"I WEAR A T-shirt and jeans every single day," said Erik Schnakenberg, 30, co-founder of the Venice, Calif.-based brand Buck Mason. "It's definitely my uniform."
Difficulty finding a great-fitting, well-priced T-shirt was one reason that Mr. Schnakenberg, who has a background in fashion retail, and his friend Sasha Koehn, 32, an ex-techie, decided to launch their line of affordable but style-conscious basics last year. "T-shirts have become a fundamental piece of the workday wardrobe in Los Angeles," said Mr. Koehn. "We wanted something that could be worn through the day into evening." The brand's $24 classic crew-neck, cut from North Carolina cotton and sewn in L.A., is finished with a hem that's slightly rounded like a shirttail and gives it a dressier look.
Interactive art director Clay Weishaar, 33, discovered Buck Mason on Venice's Abbot Kinney Boulevard, where the label opened a shop last October. So far, he's bought about 10 tees, which he wears with jeans by Acne and Rogue Territory. "I wanted to simplify my wardrobe," said Mr. Weishaar. "A slightly unique T-shirt looks good in my profession. A Hanes tee might not."
There is no denying that men have more interesting clothing options today than they did 10 or 15 years ago, but the dressy stuff gets most of the attention: bespoke suits, lace-up shoes, perfectly tailored button downs. But as guys upgrade the clothes hanging in their closets, shouldn't they refresh the basics in their drawers, too?
U.S. stores sold $5.4 billion worth of men's T-shirts in 2013, according to market research firm NPD, but that comes out to less than $11 a tee. The challenge for labels such as Buck Mason is to convince guys that replacing crew-necks that have seen better days for nice-fitting, nice-feeling tees is worth the investment. When men become believers, they tend to buy in bulk.
Once a guy has felt a good T-shirt against his skin, it's an easy conversion, said New York-based designer Adam Lippes, 41, a self-professed T-shirt nerd. "When I was 23 and got a job at Oscar de la Renta, everyone there wore suits," he said. "I was the first person at the company to wear jeans and a T-shirt. So, I was always on the lookout for that perfect white tee." Mr. Lippes, unhappy with the logoed designer options available at the time, began making T-shirts nearly a decade ago as a side project. He broke out on his own in 2004 and eventually expanded beyond T-shirts into full men's and women's fashion collections. After a brief hiatus from the fashion world starting in late 2011, the designer relaunched his women's line in early 2013. Last summer, he reintroduced his tees.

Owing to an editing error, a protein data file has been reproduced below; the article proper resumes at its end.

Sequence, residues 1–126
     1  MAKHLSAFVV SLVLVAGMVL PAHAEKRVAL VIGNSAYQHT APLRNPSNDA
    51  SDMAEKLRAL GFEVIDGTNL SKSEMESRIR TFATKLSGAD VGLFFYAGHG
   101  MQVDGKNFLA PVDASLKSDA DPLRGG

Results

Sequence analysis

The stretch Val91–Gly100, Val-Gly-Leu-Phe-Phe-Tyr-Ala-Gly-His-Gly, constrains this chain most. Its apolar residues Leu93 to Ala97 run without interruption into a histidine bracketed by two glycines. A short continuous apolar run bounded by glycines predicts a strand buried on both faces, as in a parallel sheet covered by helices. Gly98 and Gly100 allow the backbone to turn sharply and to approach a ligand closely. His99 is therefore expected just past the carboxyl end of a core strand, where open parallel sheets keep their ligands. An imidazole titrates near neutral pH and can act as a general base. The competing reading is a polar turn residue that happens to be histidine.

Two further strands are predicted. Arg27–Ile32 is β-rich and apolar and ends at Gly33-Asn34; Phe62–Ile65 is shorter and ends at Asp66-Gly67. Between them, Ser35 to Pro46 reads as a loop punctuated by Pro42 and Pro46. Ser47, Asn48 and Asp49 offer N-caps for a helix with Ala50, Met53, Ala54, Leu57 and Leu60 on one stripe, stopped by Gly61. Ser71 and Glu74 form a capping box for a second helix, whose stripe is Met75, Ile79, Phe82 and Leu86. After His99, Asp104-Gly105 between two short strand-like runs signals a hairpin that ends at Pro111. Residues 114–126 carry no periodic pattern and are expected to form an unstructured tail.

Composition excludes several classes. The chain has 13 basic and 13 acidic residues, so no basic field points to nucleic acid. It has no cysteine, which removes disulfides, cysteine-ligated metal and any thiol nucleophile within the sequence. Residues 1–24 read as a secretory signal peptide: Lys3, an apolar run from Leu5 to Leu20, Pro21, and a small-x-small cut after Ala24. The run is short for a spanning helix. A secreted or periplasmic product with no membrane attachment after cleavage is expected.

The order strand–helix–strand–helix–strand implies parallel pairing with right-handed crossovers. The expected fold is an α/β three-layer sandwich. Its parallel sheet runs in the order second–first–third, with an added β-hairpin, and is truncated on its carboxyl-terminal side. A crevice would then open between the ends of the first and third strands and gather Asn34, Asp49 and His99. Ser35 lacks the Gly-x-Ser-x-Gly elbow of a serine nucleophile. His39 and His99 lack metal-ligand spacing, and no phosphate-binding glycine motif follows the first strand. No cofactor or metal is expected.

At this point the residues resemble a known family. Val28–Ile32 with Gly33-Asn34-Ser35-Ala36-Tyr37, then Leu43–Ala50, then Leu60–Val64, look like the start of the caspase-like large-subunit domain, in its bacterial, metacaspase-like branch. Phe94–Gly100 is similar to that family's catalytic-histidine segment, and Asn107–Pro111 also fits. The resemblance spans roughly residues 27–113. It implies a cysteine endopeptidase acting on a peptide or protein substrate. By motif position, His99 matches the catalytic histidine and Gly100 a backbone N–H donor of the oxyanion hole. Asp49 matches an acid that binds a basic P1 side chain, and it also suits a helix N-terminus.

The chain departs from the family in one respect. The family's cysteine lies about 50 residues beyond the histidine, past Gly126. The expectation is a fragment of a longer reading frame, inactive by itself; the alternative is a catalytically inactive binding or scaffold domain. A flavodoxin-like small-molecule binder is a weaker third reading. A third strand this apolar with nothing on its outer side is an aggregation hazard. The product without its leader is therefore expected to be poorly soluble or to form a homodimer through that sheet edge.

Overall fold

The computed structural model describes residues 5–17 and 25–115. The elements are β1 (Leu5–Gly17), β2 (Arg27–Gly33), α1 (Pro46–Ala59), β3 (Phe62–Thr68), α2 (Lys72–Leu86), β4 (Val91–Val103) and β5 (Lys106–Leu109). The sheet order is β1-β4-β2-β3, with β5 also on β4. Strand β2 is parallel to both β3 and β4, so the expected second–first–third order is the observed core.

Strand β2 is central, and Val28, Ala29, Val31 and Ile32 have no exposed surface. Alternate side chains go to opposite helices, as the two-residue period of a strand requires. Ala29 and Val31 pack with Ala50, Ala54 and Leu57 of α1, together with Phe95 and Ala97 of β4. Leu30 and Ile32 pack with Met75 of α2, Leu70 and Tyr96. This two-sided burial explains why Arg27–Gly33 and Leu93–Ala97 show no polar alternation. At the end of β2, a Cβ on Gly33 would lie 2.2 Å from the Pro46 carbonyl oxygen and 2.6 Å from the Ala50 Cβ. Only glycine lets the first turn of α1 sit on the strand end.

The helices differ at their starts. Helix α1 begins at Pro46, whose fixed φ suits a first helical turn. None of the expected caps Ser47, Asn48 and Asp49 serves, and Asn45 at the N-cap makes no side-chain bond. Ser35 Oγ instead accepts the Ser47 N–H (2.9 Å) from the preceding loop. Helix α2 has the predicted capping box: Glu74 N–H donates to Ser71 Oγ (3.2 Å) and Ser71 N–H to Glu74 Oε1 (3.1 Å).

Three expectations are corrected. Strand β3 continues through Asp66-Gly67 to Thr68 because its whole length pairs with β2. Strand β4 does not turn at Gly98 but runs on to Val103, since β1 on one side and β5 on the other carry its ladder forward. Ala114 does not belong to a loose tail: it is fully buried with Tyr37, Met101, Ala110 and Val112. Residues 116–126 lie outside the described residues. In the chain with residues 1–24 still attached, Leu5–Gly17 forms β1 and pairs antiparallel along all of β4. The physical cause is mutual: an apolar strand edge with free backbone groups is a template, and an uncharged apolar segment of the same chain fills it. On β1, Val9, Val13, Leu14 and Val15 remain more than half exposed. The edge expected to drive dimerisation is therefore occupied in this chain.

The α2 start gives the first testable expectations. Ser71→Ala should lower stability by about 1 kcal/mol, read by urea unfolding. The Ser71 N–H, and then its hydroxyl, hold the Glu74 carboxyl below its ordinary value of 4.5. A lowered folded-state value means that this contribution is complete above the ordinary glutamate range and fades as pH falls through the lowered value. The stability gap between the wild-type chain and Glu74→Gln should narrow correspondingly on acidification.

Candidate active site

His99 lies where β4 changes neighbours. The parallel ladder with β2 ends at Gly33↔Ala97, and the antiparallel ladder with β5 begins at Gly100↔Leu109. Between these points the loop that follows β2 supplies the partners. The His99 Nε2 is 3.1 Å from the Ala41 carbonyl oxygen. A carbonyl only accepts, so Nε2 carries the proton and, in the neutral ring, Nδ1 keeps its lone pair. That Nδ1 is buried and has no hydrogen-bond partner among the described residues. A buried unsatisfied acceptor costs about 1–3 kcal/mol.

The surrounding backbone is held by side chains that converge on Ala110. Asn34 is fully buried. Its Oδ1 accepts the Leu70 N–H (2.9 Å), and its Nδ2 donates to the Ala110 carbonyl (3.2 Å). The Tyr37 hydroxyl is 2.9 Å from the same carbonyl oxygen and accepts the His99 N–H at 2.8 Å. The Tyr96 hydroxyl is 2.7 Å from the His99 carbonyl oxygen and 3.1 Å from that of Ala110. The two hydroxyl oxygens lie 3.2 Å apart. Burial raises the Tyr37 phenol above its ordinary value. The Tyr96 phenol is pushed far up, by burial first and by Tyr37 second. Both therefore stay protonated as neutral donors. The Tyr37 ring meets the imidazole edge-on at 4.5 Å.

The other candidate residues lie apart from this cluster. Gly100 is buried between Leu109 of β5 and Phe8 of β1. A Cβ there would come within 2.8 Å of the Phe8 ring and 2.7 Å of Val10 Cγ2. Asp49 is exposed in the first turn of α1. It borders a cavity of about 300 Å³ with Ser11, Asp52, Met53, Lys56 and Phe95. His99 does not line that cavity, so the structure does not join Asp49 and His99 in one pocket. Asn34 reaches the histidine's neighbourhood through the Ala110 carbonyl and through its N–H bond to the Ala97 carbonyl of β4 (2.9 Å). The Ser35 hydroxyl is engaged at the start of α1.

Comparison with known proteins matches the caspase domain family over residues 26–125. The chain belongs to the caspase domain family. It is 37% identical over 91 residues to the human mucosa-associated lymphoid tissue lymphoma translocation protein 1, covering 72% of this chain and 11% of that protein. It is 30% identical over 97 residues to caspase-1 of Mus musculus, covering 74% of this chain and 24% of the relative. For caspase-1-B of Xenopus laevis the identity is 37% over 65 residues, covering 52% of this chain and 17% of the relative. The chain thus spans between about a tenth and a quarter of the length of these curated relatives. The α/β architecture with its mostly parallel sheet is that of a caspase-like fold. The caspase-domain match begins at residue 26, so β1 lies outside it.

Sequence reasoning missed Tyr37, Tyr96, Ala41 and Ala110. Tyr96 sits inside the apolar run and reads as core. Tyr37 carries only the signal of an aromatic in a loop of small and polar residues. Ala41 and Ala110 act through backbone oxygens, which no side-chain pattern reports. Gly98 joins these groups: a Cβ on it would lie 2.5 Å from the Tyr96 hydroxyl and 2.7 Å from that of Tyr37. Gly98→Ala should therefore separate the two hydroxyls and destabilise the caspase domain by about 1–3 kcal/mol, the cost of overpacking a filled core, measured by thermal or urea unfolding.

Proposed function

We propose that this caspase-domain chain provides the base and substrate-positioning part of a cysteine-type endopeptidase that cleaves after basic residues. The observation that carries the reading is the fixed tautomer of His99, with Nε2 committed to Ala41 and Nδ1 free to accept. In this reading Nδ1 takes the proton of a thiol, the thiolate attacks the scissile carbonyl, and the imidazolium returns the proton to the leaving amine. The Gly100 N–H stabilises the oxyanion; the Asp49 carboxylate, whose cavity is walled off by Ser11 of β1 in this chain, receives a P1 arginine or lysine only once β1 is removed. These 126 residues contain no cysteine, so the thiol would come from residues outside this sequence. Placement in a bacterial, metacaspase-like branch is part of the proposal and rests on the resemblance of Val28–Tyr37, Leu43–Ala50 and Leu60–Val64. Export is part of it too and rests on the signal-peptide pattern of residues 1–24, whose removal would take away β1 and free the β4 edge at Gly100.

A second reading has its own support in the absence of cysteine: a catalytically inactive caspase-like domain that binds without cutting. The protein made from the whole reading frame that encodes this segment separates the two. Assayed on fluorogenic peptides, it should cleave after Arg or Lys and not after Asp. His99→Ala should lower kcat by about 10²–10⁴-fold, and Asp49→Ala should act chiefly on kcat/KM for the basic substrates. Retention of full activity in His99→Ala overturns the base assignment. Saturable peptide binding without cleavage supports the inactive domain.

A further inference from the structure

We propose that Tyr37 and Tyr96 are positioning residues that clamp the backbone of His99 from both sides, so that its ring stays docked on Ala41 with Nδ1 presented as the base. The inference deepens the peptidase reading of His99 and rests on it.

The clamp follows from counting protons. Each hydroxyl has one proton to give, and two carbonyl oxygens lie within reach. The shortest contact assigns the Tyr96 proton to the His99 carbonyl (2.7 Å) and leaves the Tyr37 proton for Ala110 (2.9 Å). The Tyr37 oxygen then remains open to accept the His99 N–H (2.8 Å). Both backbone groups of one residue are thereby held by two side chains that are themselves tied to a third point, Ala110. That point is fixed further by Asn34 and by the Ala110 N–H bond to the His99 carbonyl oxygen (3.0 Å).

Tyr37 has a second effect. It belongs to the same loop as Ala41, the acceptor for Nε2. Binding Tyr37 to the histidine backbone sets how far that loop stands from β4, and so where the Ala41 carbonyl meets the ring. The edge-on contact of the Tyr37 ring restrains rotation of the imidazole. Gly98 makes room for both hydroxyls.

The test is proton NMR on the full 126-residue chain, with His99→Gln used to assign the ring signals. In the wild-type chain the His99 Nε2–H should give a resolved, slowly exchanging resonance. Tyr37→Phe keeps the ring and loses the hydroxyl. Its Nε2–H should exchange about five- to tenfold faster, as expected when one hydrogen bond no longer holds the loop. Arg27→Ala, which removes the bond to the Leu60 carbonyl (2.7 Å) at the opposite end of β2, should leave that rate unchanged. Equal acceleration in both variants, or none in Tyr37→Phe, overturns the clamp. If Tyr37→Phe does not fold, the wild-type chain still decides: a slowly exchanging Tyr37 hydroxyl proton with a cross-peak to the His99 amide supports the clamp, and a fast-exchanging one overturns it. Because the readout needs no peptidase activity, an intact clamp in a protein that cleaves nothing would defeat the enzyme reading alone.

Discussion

When working on his original tees, Mr. Lippes altered the fit dozens of times before choosing the final design, and he hasn't changed it since. "The most important thing is that the shoulder fits," he said of what distinguishes his T-shirt from your standard three-pack. "And look at the length—is it too long or too short?"
While Buck Mason's styles are described by Mr. Koehn as "slim and relaxed," Mr. Lippes's T-shirts have narrower shoulders and fit snugly enough to be layered or to show off the result of hours spent in the gym.
New York-based brand Håndværk lands somewhere in the middle on the fit spectrum, and its neck hems are thinner than average. "It's a tailored fit for someone who takes care of himself," said Håndværk's Esteban Saba, 41, a former investment banker who launched the label with his designer wife, Petra Brichnacova, 36, last October.
Peruvian-born Mr. Saba has near-century-old family ties to his native country's textile and apparel industries. The couple use some of his family's own factories to produce Håndværk. Their cotton, said Mr. Saba, has a yarn count two to three times higher than that in the average T-shirt. He compared it to high-thread-count sheets.
There are a few things that luxury-T-shirt neophytes should keep in mind. First, white tees, even well-made ones, need to be replenished more often than you think. Watch for signs of yellowing. "It's not a forever item," said Mr. Lippes. Next, shop around until you find the label that's right for you. There are many criteria to consider when searching for the perfect T-shirt—from neckline to cotton weight to length.
Lastly, Mr. Saba recommends a varied T-shirt wardrobe. "Guys love crew necks but you should also have a mix of v-necks," he said. "And the simple white henley is a very cool look that should be in every guy's closet."